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#1 of 92 Old 11-01-2005, 03:40 PM - Thread Starter
 
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Here is the November thread everyone!!

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#2 of 92 Old 11-01-2005, 04:57 PM
 
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: Hello ladies! I'm back after moving and being offline for awhile. My kitchen is back in order though, and I am having great luck connecting with local sources for meat/milk/eggs/veggies. It will be nice to get caught up with what's going on here again.
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#3 of 92 Old 11-01-2005, 05:14 PM
 
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I'm just subscribing.

Single Mom to 2 amazing little men. T(7) and B(5)
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#4 of 92 Old 11-01-2005, 06:06 PM
 
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New to MDC, well relatively anyway. Can someone explain to me what this thread is about. I am looking for healthy food alternatives to the processed crap I have been eating for years. If this is where it's at, then I am game. If not can someone point me in the right direction.
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#5 of 92 Old 11-01-2005, 08:22 PM
 
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subbing....

here is a recipe I was just sent...

Lemon Vanilla Ice-cream
5 cups raw cream
4 eggs plus 2 egg yolks
1 to 1.25 cups honey
1 tbl vanilla or 1 vanilla bean split
zest of 1 lemon

Cook 1 cup cream with eggs and lemon zest until "pudding". Let cool to room temperature (better yet refrigerate until cold).
Combine with remaining ingredients - put in ice-cream maker. Yum! And Good For You Too!
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#6 of 92 Old 11-01-2005, 09:34 PM
 
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Quote:
Originally Posted by ecpalma93
New to MDC, well relatively anyway. Can someone explain to me what this thread is about. I am looking for healthy food alternatives to the processed crap I have been eating for years. If this is where it's at, then I am game. If not can someone point me in the right direction.
Welcome! You are definately in the right place in our opinion for healthy eating... many of us have found our health by eating the NT way.

NT is short for "Nourishing Traditions" a whole foods cookbook by Sally Fallon that is half recipes and half nutritional guidelines and research.
http://www.mercola.com/2003/mar/8/no...traditions.htm

It is based on research done in the 1930's by Weston Price, DDS:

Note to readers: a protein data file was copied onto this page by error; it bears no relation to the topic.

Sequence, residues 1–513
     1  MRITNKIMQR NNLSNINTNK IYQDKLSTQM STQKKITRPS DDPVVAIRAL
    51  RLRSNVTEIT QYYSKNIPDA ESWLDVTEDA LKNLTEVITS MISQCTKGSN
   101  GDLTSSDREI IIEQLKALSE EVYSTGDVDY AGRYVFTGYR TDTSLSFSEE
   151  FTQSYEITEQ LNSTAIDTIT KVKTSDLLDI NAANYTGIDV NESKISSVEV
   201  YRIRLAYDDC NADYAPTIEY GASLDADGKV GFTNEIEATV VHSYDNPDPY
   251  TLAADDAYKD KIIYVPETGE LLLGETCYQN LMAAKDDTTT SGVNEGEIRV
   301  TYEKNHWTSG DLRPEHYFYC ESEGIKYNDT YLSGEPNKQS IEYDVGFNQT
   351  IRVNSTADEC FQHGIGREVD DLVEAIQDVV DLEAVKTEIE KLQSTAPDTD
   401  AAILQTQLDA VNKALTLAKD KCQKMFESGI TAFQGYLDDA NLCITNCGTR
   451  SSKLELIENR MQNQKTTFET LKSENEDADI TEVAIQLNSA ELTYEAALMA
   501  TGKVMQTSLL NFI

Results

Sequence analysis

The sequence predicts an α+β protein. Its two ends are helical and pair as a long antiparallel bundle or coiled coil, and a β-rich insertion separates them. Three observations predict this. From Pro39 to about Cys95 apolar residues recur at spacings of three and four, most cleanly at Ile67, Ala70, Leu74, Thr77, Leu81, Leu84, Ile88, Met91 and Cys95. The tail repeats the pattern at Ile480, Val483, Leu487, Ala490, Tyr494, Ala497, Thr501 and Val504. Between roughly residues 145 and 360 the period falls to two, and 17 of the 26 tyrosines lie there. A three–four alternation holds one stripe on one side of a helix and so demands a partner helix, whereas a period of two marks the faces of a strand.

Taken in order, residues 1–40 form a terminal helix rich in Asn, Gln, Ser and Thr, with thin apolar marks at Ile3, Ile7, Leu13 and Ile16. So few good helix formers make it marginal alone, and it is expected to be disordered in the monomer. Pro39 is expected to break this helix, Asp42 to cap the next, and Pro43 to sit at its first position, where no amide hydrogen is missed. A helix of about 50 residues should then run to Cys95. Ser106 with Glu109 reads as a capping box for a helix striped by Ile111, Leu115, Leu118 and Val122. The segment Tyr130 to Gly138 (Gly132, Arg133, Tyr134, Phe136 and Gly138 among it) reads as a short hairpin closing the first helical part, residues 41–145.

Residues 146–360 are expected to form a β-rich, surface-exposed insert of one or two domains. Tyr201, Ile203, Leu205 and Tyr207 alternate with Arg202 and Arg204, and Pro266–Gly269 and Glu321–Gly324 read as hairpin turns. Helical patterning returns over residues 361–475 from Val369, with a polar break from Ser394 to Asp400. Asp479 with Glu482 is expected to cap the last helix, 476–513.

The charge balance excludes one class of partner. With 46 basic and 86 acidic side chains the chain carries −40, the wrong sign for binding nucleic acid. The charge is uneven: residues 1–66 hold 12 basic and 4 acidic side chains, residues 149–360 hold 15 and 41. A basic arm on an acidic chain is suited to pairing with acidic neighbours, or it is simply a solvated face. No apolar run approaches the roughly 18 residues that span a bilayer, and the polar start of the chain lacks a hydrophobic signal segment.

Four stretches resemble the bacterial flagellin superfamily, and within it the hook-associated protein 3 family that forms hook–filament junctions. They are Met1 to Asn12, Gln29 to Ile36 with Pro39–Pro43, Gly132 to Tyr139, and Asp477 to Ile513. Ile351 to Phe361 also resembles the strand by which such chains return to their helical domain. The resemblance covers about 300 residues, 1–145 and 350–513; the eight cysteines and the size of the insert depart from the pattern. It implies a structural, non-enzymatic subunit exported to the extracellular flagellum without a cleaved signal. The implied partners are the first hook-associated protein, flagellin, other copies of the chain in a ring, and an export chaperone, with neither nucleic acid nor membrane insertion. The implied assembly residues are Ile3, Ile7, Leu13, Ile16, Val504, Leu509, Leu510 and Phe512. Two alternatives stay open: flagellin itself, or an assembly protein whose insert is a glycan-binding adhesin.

http://www.mercola.com/2001/jan/21/weston_price.htm

http://www.westonaprice.org/traditio...ry_wisdom.html

Sally Fallon is the President of the Weston Price Foundation, which conducts nutritional research today and has an ENORMOUS website chock full with info:
http://www.westonaprice.org/sitemap.html

You can find a local chapter here: http://www.westonaprice.org/localcha...locallist.html

Email the chapter leader with questions about how to find local sources of organic foods, grass fed meats, pasteured eggs and raw dairy.

Personally I think the most important things which I have learned to incorporate into my eating every day is homemade bone broths and yogurt/kefir made from grass fed raw milk. And cod liver oil too. IMO, I would consider this the holy trinity of good nutrition, the biggest bang for your buck.

I consider learning about NT and WAPF to literally be a life changing experience. I understood nutrition was important, but I really didn't get how it is possible to build bodies that can be free of disease with the proper food.
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#7 of 92 Old 11-01-2005, 10:57 PM
 
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Wow. It's november already? I am already missing the farmer's markets around here not to mention my garden.
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#8 of 92 Old 11-01-2005, 11:07 PM
 
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Can any of you help me out with this?

http://mothering.com/discussions/sho...27#post4039727

Single Mom to 2 amazing little men. T(7) and B(5)
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#9 of 92 Old 11-01-2005, 11:17 PM
 
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I would like to try making the vanila frozen yogurt from the Oct. NT thread. The directions say to mix it all, then freeze in an ice cream maker. I don't have an ice cream maker, can I still make it?

A related question, can I make ice cream without an ICM?

Is yogurt cheese just yogurt with the whey drained off so that it's really thick?

thanks!
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#10 of 92 Old 11-01-2005, 11:19 PM
 
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Glad to see you are back, Hibou, I enjoy your posts!

Welcome ecpalma! Keep reading around here, and you'll learn more than you ever though possible!
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#11 of 92 Old 11-01-2005, 11:30 PM